Japan’s lower house of Parliament approved a record budget on Friday, a step likely to intensify pressure for unpopular Prime Minister Taro Aso to quit before an election this year.
Support for Aso’s Cabinet is languishing below 10% in one poll and not much higher in others after a series of policy flip-flops and gaffes, eroding his clout in the ruling party before an election that must be held by October.
Faced with fresh data showing a record drop in factory output and bleak job conditions, Aso got some respite after the lower house passed an 88,5-trillion yen ($898,5-billion) budget for the fiscal year starting on April 1.
The decision clears the way for the budget to be enacted by the end of March, after which ruling Liberal Democratic Party (LDP) lawmakers could well step up calls to replace Aso ahead of an election that surveys show it is likely to lose.
In a sign of growing frustration with Aso, former LDP secretary-general Tsutomu Takebe told Reuters on Thursday that the party should not fight this year’s election with Aso at its helm. He repeated the comments to reporters on Friday.
With or without Aso as premier, analysts say the LDP still faces a big threat of defeat at the polls as more voters pin their hopes for change on the main opposition Democratic Party.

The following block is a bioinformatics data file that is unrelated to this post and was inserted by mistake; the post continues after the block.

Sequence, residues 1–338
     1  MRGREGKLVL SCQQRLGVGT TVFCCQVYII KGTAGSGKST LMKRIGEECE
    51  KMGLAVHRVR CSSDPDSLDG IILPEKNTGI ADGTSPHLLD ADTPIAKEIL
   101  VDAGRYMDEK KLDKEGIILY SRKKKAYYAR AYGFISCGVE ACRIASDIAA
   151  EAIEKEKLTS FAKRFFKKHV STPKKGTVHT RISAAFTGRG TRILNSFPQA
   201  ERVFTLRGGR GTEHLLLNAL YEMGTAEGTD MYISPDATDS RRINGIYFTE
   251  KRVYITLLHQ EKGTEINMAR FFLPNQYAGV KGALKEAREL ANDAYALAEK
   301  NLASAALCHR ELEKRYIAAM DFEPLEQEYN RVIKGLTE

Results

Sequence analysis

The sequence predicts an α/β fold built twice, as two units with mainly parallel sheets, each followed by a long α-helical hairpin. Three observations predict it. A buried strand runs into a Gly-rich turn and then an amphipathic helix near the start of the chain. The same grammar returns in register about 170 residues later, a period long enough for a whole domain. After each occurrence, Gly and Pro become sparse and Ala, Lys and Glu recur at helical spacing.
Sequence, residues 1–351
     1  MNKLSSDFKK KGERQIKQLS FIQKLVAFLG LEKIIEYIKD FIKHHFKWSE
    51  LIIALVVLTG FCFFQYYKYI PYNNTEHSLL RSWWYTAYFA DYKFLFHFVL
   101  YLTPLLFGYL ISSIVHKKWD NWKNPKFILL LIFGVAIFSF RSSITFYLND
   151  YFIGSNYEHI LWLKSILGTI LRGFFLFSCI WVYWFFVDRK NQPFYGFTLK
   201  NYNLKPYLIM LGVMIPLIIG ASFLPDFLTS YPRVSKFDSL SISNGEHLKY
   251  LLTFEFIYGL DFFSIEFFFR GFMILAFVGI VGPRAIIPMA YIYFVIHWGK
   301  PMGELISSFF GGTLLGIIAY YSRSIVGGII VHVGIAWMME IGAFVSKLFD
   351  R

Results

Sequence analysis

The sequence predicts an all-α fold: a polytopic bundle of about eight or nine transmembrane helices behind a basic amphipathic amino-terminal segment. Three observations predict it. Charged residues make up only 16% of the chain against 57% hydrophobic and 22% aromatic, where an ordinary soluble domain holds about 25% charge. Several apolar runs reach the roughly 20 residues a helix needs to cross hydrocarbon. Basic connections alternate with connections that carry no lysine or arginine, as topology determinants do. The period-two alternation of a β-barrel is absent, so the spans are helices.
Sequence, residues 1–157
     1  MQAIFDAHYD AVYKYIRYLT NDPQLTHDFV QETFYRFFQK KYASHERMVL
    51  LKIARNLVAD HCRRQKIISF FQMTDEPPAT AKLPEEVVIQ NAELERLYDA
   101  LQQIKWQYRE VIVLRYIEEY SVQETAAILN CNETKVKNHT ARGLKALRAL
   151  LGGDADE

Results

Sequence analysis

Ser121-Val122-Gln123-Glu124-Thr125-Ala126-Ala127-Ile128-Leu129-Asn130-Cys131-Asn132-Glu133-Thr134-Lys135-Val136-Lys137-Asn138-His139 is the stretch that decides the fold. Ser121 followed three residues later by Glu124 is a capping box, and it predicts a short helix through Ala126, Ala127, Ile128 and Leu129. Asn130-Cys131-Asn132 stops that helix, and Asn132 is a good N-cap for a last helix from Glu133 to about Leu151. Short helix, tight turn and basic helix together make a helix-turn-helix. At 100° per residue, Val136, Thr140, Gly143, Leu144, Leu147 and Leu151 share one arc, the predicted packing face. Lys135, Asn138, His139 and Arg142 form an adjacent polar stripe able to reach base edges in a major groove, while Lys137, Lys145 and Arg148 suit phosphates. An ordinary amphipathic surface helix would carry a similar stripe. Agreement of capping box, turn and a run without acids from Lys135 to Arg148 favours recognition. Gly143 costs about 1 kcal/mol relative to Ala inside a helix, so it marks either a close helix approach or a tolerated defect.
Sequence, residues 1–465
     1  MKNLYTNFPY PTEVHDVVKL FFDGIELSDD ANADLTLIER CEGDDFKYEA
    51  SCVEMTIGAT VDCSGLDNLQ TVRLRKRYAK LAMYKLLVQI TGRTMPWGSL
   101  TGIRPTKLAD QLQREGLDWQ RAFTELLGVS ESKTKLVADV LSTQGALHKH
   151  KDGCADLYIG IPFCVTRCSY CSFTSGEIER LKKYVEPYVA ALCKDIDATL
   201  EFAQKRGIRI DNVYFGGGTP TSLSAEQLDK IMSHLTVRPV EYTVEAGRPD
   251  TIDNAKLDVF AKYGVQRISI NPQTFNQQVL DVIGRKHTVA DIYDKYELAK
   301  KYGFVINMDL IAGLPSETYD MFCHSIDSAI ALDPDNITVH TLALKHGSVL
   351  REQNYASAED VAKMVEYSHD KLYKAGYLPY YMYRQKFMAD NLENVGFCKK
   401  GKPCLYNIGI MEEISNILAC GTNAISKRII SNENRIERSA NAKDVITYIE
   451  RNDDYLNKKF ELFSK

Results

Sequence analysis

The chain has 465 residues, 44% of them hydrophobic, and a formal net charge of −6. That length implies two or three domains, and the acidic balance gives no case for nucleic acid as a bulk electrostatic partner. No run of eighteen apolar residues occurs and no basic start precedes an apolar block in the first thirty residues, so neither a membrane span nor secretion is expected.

”I think this is a prime minister and a Cabinet who deserve a no-confidence motion or a censure [in the upper house], and 70% to 80% of the people are saying, ‘Mr Aso, you should quit’,” the Democrats’ leader, Ichiro Ozawa, told a news conference in Yokohama, where he was introducing a new candidate.
Analysts said, however, that in the absence of an obvious successor who could turn things around for the LDP, Aso would try to hang on as long as possible, countering critics with threats to call an early poll and promising more economic stimulus ahead.
”Very few in the LDP want an early election under Aso,” said Kazuhisa Kawakami, a political science professor at Meiji Gakuin University.
”So he holds the last card. As long as Aso says he’ll stay and hints at calling an early election, he’ll be able to contain moves against him within the party.”
Aso, who won a party leadership vote last September in his fourth attempt for the job, has also filled his schedule in the coming months with a series of diplomatic events, suggesting he has no intention of resigning voluntarily.
Media have reported plans for Aso to visit China in late March, while a G20 summit meeting of leading and emerging nations is due in London on April 2. Aso also appears keen to attend a Group of Eight summit in Italy in July.
”Aso could offer to give up the leadership if he knew it were going to someone he trusts, but I don’t think he has any close allies like that now,” said Naoto Nonaka, professor of comparative politics at Gakushuin University.
”He’ll probably hang on until after the [July] summit.” — Reuters